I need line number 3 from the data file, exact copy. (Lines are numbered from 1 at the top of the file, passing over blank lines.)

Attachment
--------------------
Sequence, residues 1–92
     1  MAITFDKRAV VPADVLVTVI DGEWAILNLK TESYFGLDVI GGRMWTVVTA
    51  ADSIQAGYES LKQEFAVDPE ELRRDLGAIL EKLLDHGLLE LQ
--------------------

    51  ADSIQAGYES LKQEFAVDPE ELRRDLGAIL EKLLDHGLLE LQ